This post is one of several summarizing our coverage of LegalTech New York 2010. For our other posts click here.
One of the side benefits to LegalTech is your immersion in a “let’s get it done, here’s the technology, here’s how to do it” environment and attitude. Well, that’s just New York, I guess. As a native son growing up in New York I lived that attitude everyday. But the week at LegalTech (we had a series of follow-up interviews Thursday and Friday) was a welcome respite from America’s increasingly dysfunctional governmental mechanisms and increasingly rancorous political culture. Having lived in Europe these past 5 years I don’t miss that 24/7 mindless media coverage. Sometimes I think the problems the U.S. faces are intractable and beyond the capacities of our ramshackle political mechanisms. But this visceral and nihilistic “us vs. them” mentality is deafening and infantile.
Sorry, I digress.
New York is an internationally influential media capital, and includes some of the most important newspapers, largest publishing houses, most prolific television studios, and biggest record companies in the world. It is a major global center for the television, music, newspaper, book and magazine publishing industries. It is also the largest media market in North America (followed by Los Angeles, Chicago, and Toronto). Some of the city’s media conglomerates include Time Warner, the News Corporation, the Hearst Corporation, and Viacom. Seven of the world’s top eight global advertising agency networks are headquartered in New York. And three of the “Big Four” record labels are also based in the city, as well as in Los Angeles. Plus, one-third of all American independent films are produced in New York.
And it is the U.S. base for Thompson Reuters whose Chief Strategy Officer, David Craig, was on Wednesday’s keynote presentation “I3: The New Convergence of Intelligence, Intuition and Information” with Malcolm Gladwell and Dr. Lisa Sanders (see, I did have a LegalTech tie-in). The three speakers recounted the myriad ways in which technology can be used to help supplement the innate decision-making capabilities of experts in their respective fields. For our post on that presentation click here.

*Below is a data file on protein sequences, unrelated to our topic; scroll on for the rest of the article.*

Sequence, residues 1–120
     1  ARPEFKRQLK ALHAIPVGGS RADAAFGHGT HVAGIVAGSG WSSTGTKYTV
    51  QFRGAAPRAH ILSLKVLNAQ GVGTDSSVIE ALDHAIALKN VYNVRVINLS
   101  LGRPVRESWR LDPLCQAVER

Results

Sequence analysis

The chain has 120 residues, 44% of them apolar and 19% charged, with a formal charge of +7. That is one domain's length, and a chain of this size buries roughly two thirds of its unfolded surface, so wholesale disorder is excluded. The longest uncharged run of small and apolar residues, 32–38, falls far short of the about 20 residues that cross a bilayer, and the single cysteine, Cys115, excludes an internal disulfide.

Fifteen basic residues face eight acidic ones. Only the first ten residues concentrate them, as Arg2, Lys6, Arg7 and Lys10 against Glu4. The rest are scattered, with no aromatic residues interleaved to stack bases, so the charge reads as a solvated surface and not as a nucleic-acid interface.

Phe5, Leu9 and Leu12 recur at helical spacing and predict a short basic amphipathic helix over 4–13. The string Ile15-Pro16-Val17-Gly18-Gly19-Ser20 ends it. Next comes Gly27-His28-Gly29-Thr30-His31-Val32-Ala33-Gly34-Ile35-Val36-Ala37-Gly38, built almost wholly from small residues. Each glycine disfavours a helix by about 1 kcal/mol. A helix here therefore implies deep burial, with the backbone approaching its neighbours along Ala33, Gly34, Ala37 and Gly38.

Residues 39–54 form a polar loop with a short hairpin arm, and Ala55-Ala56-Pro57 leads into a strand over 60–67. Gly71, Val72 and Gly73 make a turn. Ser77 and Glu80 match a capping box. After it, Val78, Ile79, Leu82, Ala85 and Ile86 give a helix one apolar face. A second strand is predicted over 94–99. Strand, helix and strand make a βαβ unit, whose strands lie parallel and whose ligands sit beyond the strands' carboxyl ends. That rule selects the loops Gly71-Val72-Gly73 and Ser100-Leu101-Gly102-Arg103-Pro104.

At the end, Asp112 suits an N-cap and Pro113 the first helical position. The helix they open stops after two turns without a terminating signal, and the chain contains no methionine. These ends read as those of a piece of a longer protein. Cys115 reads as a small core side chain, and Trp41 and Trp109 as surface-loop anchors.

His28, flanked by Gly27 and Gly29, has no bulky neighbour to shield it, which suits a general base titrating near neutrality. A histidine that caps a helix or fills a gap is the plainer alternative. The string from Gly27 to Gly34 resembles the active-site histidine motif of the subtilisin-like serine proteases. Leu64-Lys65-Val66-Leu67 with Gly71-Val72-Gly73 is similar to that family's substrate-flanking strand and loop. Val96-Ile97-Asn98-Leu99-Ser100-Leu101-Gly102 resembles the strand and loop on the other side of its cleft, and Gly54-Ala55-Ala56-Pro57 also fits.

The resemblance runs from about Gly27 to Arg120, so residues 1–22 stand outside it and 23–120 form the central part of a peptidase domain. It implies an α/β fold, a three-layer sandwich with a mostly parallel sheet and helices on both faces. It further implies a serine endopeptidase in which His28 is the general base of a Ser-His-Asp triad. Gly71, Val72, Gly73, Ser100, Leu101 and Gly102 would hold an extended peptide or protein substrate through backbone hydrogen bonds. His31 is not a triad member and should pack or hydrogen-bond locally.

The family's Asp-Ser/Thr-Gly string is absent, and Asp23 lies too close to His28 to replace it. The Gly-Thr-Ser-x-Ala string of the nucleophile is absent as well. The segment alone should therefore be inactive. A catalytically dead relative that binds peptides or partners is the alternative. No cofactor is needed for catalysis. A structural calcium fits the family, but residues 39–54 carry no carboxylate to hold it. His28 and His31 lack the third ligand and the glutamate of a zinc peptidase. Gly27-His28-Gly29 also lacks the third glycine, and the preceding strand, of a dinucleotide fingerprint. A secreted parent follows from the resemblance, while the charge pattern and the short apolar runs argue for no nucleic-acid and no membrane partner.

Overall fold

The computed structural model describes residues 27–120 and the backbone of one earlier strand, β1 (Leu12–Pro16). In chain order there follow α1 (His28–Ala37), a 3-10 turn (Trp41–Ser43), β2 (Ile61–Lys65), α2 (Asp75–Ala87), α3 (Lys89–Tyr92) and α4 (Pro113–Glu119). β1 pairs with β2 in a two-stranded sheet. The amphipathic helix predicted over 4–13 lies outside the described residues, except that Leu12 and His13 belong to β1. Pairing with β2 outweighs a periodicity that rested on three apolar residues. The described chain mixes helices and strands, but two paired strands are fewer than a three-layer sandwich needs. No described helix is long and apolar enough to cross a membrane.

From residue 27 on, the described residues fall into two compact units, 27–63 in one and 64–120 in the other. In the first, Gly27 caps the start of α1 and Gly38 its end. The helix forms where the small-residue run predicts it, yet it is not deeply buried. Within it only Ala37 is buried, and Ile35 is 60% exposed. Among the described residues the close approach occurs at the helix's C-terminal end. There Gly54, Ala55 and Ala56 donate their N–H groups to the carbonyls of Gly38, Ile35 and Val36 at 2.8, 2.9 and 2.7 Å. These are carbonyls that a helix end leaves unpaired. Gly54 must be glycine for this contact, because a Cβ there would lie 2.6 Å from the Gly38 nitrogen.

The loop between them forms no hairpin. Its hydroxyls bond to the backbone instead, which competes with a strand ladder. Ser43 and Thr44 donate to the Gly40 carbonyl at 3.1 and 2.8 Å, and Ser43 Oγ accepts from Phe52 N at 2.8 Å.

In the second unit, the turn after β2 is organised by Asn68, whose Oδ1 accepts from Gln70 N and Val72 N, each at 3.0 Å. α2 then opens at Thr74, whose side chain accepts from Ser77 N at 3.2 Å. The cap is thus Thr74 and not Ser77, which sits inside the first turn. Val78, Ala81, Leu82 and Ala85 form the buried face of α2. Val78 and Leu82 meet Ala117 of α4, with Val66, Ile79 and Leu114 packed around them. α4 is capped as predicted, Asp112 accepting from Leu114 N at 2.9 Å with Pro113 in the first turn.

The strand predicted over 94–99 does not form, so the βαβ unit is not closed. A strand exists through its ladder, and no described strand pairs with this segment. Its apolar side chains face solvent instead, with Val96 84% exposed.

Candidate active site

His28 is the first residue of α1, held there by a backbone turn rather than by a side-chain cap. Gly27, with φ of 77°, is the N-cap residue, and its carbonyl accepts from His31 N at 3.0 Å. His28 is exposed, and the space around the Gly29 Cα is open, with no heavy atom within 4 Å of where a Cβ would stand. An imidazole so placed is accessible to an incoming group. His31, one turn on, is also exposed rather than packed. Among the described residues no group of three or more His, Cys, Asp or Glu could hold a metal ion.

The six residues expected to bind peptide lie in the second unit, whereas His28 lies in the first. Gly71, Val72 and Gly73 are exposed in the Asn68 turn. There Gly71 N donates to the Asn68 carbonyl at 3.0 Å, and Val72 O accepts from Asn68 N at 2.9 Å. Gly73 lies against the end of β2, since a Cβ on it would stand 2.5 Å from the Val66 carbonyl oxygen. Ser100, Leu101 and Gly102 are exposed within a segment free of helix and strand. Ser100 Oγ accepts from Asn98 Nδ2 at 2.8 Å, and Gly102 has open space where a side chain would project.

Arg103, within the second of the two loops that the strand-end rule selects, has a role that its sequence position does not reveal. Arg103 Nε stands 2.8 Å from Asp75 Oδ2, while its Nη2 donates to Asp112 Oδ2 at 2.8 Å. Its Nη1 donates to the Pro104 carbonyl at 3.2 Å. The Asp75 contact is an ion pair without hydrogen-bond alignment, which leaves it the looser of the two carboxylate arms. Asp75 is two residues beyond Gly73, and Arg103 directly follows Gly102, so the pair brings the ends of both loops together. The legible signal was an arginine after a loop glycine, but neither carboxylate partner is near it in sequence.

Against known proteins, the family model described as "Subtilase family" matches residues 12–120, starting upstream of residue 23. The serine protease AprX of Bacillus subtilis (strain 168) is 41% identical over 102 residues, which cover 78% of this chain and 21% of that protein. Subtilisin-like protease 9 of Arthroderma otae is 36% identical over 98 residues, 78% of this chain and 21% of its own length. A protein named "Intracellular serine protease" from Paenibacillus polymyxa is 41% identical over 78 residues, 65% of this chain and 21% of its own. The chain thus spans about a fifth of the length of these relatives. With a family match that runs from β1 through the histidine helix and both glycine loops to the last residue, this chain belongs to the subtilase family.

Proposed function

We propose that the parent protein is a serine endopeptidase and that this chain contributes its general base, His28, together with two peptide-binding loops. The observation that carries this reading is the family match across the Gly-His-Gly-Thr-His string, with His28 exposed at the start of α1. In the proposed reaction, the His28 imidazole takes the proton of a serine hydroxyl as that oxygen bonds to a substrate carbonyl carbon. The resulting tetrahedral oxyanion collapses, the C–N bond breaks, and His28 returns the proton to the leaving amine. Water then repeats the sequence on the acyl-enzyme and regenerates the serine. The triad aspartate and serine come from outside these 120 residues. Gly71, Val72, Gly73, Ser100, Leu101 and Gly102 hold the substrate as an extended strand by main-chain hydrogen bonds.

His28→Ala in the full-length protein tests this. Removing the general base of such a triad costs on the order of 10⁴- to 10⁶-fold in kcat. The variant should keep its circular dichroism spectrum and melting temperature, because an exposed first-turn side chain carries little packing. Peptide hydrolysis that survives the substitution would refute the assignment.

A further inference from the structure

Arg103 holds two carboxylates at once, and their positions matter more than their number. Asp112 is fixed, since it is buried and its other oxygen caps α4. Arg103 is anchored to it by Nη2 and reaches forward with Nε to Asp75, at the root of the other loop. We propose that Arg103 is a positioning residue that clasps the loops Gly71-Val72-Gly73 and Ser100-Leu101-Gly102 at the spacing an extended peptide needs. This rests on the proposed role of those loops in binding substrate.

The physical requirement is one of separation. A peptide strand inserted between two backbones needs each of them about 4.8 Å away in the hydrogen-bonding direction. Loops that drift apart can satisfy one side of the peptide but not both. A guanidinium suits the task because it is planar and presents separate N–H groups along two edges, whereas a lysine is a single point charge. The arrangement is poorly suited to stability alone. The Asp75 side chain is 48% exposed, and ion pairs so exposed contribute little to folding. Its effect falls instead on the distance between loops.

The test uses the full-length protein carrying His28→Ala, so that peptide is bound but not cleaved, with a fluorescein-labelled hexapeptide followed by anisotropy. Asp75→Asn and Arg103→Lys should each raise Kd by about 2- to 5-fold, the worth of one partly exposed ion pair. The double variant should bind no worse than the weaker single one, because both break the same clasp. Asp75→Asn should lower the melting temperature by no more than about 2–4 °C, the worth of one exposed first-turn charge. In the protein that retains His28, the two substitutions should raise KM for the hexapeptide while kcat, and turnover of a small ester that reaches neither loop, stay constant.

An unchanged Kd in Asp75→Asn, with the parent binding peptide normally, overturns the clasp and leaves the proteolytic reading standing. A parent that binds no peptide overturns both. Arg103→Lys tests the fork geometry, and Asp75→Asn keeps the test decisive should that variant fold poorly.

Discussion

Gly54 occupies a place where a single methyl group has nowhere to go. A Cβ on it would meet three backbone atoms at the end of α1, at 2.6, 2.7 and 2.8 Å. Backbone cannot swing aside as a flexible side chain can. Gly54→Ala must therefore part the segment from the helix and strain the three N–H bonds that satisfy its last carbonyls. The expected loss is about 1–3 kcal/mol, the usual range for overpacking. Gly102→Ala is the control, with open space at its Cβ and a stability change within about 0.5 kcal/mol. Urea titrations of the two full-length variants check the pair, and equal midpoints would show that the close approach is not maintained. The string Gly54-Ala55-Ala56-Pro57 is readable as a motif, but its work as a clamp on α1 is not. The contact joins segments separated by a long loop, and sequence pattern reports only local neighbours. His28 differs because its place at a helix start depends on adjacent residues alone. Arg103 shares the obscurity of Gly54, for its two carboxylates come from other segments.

The audience was filled with media folks and we had the opportunity to chat with several including some from Thompson Reuters. We chatted about the internet, traditional media, social media — and Google. All of these topics we have posted about on The Posse List and we have Tweeted about, especially social media vis-à-vis e-discovery issues, and its use as a propagation platform for information about the legal biz.
We discussed the fact that the internet may kill newspapers but it is not clear if that matters. For society, what matters is that people should have access to news, not that it should be delivered through any particular medium; and, for the consumer, the faster it travels, the better. But the trouble is nobody knows how to make money in this new environment. So that raises questions about how much news will be gathered.
So an interesting announcement came out on Monday regarding an agreement that had been reached by Associated Press and Yahoo regarding the licensing terms by which Yahoo will pay AP for the right to continue to post AP contents on the Yahoo site. The terms of the arrangement were not revealed. The full press release click here.
According to those we interviewed, AP has yet to reach a parallel licensing agreement with either Microsoft or Google. And it appears that Google has for the moment suspended posting new AP contents on its site.
Neil Wilkof, a partner at Herzog, Fox, and Neeman who heads the intellectual property and information technology team, has analyzed this development and he makes the following points:
And Then There is Google. Quoting Neil: “The AP report ends with an interesting juxtaposition. On the one hand, the report quotes a statement from Yahoo that the company “has always recognized the value and importance of original, authoritative news. We are pleased Yahoo and AP will continue that valued relationship” and then on the other hand the report concludes with the following comments about Google: (i) many publishers believe Google has profited unfairly from their newspapers by drawing upon snippets of their stories to draw traffic so it can sell more of its ads; (ii) AP and Google quarrelled for several years about the way that Google summarized AP news items; and (iii) Google believes that it in fact drives traffic to newspaper sites. Reaching agreement with Yahoo is one thing, reaching an arrangement with Google may be quite another.”
So we have companies like AP fighting a declining print media and a challenging online environment and trying to find a role for themselves in a Google-dominated world.
We hope to have a longer interview with Neil in the coming weeks but in the meantime some links of note:
A World of Connections (special report on social media from The Economist)
Gregory P. Bufithis is the Founder & Chairman of The Posse List. He has over 25 years of experience in intellectual property law and digital media in the U.S. and Europe.